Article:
Franklin prides itself that experiential learning is a hallmark of its pedagogy. Features such as Academic Travel, the entire First-Year Seminar experience, Senior Year capstone, or the various writing requirements all emphasize learning through experience. This reflects not just Franklin’s mission statement, but also current directions of pedagogy. The idea is that all of this simulates hands-on learning, which places the responsibility for learning jointly on the shoulders of both students and teachers.
However, many people would prefer teaching in a more clear and objective format, with a stronger emphasis on ‘facts.’ With the discussions of ‘fake news’ and ‘alternative facts’ in the air, the necessity of clarity has become a concern. Perhaps the interpretive nature of experiential learning leaves too much up for grabs? While these approaches reflect legitimate takes on learning, they are based on different philosophies with different objectives.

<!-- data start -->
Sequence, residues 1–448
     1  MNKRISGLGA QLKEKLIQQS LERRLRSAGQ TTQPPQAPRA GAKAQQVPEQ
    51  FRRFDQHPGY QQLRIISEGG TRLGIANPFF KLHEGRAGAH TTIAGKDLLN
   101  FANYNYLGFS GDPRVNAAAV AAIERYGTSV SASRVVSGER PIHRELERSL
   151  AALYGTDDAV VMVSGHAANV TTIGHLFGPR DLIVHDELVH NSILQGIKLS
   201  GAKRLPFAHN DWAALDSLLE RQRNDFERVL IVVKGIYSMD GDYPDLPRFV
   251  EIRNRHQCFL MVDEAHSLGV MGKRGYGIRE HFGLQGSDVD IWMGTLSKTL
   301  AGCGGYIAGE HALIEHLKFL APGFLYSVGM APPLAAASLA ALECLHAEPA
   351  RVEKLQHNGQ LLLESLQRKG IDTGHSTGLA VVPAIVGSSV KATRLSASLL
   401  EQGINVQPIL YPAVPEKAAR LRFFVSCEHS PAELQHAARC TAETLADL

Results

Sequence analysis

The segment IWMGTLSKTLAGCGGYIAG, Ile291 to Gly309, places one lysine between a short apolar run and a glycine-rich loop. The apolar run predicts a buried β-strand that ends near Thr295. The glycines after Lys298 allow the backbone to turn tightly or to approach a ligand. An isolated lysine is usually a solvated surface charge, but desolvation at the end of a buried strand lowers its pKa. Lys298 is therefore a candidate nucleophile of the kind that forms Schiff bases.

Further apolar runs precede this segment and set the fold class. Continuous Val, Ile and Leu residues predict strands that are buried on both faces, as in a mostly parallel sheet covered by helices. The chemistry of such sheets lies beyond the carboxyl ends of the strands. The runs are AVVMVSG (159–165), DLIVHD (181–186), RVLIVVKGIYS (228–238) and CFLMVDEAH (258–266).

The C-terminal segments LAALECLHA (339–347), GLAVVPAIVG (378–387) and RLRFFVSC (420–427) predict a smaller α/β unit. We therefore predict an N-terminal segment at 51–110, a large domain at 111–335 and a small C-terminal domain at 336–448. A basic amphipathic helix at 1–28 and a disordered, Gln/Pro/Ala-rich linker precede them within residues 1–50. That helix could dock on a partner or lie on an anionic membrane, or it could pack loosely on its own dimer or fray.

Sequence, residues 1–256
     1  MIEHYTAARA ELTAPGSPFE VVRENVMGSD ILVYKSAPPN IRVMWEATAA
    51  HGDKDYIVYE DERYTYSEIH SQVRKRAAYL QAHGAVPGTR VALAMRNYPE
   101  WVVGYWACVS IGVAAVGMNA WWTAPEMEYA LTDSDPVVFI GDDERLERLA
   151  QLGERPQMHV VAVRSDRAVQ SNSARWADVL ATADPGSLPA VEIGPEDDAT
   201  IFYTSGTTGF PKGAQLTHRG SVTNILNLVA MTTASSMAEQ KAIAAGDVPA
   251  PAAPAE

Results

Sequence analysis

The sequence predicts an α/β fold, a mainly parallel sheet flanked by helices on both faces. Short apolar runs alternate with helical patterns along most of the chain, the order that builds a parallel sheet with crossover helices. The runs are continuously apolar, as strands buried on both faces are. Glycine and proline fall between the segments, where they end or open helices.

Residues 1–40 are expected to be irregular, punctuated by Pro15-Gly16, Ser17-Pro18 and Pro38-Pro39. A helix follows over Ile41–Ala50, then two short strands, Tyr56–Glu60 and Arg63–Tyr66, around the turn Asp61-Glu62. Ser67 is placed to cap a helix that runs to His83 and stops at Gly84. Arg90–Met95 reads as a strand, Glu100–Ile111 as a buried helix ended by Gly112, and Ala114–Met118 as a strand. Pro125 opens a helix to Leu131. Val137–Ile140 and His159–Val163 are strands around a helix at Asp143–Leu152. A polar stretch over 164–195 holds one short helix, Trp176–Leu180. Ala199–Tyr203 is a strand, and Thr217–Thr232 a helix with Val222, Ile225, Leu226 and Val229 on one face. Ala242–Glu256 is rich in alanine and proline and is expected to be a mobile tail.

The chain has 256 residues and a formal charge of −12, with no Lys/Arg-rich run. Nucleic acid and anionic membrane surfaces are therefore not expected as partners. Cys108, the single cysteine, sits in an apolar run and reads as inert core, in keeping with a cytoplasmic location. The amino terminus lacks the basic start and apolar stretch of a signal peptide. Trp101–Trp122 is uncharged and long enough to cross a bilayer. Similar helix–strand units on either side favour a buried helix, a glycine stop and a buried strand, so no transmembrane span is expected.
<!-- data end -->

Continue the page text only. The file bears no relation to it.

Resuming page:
The question is: how do we see the nature of learning? Is it necessarily only one or the other?
Join the Honors Society for this Learned Conversation on Friday, September 24, at 5 p.m. in the LAC Conference room – masks required – or via zoom.